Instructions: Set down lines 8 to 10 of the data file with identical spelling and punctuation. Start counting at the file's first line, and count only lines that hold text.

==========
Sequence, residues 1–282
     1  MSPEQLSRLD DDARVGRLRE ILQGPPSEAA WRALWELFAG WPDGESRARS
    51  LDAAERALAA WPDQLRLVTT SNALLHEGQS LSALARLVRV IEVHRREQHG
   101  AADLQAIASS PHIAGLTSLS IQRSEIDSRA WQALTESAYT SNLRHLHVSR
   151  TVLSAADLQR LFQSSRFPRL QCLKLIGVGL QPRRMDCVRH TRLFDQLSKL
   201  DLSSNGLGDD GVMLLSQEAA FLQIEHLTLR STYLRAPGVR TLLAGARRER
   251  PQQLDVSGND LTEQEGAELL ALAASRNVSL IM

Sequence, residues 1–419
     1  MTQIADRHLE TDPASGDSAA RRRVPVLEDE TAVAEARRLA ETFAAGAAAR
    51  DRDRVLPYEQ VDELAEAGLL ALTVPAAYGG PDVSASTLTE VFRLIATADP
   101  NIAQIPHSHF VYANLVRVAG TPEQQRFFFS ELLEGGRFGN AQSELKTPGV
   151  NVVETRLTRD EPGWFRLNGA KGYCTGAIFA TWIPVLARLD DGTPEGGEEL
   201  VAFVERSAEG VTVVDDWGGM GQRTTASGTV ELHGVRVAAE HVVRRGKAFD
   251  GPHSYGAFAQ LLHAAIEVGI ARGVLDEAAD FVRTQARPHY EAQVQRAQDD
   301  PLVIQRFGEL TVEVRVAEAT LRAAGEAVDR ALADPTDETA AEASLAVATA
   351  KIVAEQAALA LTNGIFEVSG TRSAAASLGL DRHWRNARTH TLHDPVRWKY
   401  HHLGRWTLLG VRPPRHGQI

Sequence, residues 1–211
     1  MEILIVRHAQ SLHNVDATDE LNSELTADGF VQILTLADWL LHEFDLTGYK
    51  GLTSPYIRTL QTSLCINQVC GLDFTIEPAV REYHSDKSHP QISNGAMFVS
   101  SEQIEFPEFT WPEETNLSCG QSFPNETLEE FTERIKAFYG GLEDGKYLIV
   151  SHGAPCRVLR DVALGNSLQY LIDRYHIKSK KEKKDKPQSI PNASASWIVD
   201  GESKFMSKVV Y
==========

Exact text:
Sequence, residues 1–419
     1  MTQIADRHLE TDPASGDSAA RRRVPVLEDE TAVAEARRLA ETFAAGAAAR
    51  DRDRVLPYEQ VDELAEAGLL ALTVPAAYGG PDVSASTLTE VFRLIATADP